Should this have been more apparent to Huntington when he wrote "The Clash of Civilizations?" Perhaps. It may have been obscured, in part, by what later turned out to be the Muslim world's own version of a holiday from history. The Iran-Iraq war ended in 1988, and the death of Ayatollah Khomeini in the following year seemed to cool Iran's revolutionary ardor. Civil wars in Lebanon and Yemen were brought to an end, leaving most existing Arab regimes as entrenched as ever. The collapse of the Soviet Union meant the Middle East was no longer a cold-war battleground. Socialism lost favor, and some Middle Eastern regimes began expressing an interest in reforming their economies. From the outside, at least, one could almost begin imagining a "New Middle East," as Israel's Shimon Peres did with consummate naiveté in a 1993 book.
DBMA Martial Arts Forum / Martial Arts Topics / Re: Daily Expression of Gratitude
on: September 07, 2008, 12:22:34 PM
After the seminar today we did a bit together and he showed me his current understandings and movement. Deeply satisfying to see how he has grasped and evolved with the things we have worked together over the years, his understading of DBMA. His teaching here in Hawaii is deep and strong.
DBMA Espanol / Espanol Discussion / Re: Politica-Economia en Latino America
on: September 07, 2008, 12:09:20 PM
Opositores a Morales saquean un avión militar cargado de material antidisturbios
¡Tanto que les maman gallo y vean los ....... que tienen! ¡UN GENERAL!
Éstos sí merecen nuestro Himno...
Enviado por un amigo:
Opositores a Evo saquean avión militar
Menos mal que no fue "nuestro" YV-1495
Yahoo News http://es.noticias.yahoo.com/efe/20080906/twl-opositores-a-morales-saquean-un-avio-e1e34ad.html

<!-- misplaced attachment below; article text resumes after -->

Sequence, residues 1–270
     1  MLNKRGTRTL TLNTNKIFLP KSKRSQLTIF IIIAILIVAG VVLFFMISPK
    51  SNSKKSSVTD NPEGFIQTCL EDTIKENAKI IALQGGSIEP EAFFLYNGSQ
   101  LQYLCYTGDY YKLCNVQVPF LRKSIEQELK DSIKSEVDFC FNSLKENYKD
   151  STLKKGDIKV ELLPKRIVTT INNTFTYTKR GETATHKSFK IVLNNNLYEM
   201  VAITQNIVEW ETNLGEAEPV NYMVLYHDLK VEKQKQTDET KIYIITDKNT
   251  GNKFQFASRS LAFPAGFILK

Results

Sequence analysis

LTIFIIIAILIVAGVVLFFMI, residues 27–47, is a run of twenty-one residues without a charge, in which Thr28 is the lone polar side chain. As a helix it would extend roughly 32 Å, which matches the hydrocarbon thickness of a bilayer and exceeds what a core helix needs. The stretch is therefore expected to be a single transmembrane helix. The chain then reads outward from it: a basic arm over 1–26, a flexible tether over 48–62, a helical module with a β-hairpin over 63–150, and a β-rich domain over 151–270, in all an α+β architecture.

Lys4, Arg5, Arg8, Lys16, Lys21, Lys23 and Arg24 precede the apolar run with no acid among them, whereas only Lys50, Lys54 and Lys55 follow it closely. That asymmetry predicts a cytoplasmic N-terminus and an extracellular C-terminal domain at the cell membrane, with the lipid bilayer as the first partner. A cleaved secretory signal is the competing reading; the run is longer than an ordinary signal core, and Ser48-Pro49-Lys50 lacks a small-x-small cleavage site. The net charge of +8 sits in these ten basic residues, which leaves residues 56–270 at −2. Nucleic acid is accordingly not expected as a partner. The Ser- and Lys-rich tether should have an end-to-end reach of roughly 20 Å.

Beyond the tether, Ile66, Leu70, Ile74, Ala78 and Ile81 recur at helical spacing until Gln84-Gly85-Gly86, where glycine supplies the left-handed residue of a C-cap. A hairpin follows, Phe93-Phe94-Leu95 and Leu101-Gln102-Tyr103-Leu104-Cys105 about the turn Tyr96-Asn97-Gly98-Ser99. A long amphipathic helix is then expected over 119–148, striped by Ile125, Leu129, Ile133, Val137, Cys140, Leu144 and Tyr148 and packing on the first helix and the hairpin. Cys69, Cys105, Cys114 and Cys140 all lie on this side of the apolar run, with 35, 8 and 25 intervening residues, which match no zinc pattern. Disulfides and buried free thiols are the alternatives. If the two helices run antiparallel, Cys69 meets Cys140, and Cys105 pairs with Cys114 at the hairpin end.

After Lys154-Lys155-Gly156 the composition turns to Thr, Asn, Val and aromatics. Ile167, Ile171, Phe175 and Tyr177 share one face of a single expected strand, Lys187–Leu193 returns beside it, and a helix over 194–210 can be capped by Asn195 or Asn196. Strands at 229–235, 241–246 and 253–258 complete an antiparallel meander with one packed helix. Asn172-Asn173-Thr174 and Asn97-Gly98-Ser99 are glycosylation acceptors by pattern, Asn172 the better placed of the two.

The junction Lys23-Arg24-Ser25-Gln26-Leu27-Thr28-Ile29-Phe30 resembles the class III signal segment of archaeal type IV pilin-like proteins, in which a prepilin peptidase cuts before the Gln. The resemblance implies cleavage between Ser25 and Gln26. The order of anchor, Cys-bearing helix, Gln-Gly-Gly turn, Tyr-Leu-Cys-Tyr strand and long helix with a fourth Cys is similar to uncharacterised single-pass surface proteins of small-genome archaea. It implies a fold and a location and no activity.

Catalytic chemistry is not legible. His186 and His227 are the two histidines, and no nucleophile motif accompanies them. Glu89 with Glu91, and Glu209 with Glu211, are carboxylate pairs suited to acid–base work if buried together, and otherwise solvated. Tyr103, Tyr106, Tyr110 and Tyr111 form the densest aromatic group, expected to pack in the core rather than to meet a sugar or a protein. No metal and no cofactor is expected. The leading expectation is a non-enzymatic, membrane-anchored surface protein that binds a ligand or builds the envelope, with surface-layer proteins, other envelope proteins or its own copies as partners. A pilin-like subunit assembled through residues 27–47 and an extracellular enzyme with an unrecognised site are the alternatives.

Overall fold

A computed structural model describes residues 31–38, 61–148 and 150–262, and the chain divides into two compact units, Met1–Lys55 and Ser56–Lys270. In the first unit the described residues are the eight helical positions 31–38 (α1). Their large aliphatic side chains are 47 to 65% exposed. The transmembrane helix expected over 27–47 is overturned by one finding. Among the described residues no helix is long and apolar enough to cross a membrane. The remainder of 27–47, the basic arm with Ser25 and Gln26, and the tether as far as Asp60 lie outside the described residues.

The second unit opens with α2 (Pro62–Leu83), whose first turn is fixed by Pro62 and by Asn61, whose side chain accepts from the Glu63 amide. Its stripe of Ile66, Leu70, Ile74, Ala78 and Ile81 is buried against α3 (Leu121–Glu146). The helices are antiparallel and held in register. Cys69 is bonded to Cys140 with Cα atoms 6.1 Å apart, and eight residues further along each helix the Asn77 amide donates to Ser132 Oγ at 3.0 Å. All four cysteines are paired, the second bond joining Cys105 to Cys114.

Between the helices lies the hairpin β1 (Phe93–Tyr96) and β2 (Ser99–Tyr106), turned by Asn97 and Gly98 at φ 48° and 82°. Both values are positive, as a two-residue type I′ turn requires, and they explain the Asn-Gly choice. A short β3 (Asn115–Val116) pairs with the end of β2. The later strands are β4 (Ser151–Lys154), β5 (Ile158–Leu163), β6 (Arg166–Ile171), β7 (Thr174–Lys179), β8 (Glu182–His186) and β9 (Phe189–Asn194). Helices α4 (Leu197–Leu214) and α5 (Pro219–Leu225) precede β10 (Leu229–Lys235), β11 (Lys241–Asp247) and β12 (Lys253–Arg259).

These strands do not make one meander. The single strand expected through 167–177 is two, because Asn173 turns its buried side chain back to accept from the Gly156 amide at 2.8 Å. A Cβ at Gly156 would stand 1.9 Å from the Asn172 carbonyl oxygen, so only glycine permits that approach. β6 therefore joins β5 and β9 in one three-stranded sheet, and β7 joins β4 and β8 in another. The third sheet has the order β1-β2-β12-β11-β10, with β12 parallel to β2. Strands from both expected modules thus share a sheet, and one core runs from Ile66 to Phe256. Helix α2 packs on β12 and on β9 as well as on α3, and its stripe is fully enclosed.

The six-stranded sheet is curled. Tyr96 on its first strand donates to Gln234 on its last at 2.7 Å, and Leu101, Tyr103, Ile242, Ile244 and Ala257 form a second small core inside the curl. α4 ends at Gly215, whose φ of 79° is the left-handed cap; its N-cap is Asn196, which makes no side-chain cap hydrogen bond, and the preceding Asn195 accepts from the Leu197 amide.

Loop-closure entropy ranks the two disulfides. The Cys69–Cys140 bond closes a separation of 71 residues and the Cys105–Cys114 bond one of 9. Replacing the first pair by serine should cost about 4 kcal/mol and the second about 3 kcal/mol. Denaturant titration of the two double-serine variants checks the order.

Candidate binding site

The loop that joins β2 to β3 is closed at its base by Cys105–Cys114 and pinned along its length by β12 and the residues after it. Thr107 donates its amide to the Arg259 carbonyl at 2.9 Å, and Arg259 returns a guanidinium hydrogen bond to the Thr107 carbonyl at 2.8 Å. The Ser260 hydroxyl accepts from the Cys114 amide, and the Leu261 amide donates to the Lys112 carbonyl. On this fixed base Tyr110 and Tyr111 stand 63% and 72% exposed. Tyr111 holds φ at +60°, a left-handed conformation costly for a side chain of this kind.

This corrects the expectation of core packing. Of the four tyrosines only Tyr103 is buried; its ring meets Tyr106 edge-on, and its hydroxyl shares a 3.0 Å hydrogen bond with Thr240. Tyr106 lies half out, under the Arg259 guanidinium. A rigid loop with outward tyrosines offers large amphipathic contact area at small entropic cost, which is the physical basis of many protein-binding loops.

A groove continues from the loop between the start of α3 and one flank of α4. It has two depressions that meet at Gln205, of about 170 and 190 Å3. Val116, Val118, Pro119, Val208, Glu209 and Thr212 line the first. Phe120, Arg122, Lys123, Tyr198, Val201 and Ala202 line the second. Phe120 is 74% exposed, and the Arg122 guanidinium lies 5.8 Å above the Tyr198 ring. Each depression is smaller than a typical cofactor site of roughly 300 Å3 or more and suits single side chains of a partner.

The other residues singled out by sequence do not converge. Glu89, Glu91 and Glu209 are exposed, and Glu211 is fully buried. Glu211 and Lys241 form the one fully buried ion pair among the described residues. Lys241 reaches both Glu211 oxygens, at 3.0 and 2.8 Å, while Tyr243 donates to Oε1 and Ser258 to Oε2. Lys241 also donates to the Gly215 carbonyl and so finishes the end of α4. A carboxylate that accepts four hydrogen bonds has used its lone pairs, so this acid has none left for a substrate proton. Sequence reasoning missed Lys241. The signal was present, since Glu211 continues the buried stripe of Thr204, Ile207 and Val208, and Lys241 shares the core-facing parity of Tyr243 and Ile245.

Noticiero Digital (05/09/08-9:55pm).- Este viernes centenares de opositores al gobierno de Evo Morales saquearon un avión militar cargado de material antidisturbios y gases lacrimógenos en Cobija, ciudad ubicada en el departamento de Pando. Los pilotos del avión, un general y dos capitanes, fueron liberados unas tres horas después.
Según Yahoo!News, unas "trescientas personas se encuentran en vigilia permanente en el aeródromo de Cobija.
Hasta donde hemos podido averiguar, el avión saqueado no es venezolano. En particular, no se trata del avión siglas YV-1495 de PDVSA que fue usado por Evo Morales en su reciente gira por Asia.
Foto: El Deber (Bolivia)
Lea la nota de Yahoo!News a continuación:
Opositores a Morales saquean un avión militar cargado de material antidisturbios
La Paz, 5 sep (EFE).- Centenares de opositores de la ciudad de Cobija, al norte de Bolivia, saquearon hoy un avión militar que había llegado al aeropuerto de esa localidad cargado de material antidisturbios y gases lacrimógenos, informó una fuente oficial.
Hugo Mopi, portavoz de la Prefectura de Pando, departamento cuya capital es Cobija, confirmó a Efe que miembros del Comité Cívico retuvieron a los tres militares que pilotaban la aeronave y trasladaron a sus oficinas todo el material antimotines que transportaban.
El funcionario de la gobernación pandina, controlada por la oposición, informó de que los tres militares, un general y dos capitanes, fueron liberados horas después de haber sido retenidos por "unas 300 personas" que se encontraban en "vigilia permanente" en el aeródromo de Cobija.